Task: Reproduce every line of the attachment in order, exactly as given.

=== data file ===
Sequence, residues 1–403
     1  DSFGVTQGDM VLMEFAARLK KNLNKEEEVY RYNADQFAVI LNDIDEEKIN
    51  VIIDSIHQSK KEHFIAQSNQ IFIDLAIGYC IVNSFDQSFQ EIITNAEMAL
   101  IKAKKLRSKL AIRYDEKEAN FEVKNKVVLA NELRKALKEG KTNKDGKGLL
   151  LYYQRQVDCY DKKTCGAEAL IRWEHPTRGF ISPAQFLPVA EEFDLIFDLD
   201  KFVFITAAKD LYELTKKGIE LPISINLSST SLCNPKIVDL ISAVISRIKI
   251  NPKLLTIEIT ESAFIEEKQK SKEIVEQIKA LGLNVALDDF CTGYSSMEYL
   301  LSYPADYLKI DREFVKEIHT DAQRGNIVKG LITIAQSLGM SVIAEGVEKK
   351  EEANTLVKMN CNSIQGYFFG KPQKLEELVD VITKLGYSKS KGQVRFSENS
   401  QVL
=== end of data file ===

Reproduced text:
Sequence, residues 1–403
     1  DSFGVTQGDM VLMEFAARLK KNLNKEEEVY RYNADQFAVI LNDIDEEKIN
    51  VIIDSIHQSK KEHFIAQSNQ IFIDLAIGYC IVNSFDQSFQ EIITNAEMAL
   101  IKAKKLRSKL AIRYDEKEAN FEVKNKVVLA NELRKALKEG KTNKDGKGLL
   151  LYYQRQVDCY DKKTCGAEAL IRWEHPTRGF ISPAQFLPVA EEFDLIFDLD
   201  KFVFITAAKD LYELTKKGIE LPISINLSST SLCNPKIVDL ISAVISRIKI
   251  NPKLLTIEIT ESAFIEEKQK SKEIVEQIKA LGLNVALDDF CTGYSSMEYL
   301  LSYPADYLKI DREFVKEIHT DAQRGNIVKG LITIAQSLGM SVIAEGVEKK
   351  EEANTLVKMN CNSIQGYFFG KPQKLEELVD VITKLGYSKS KGQVRFSENS
   401  QVL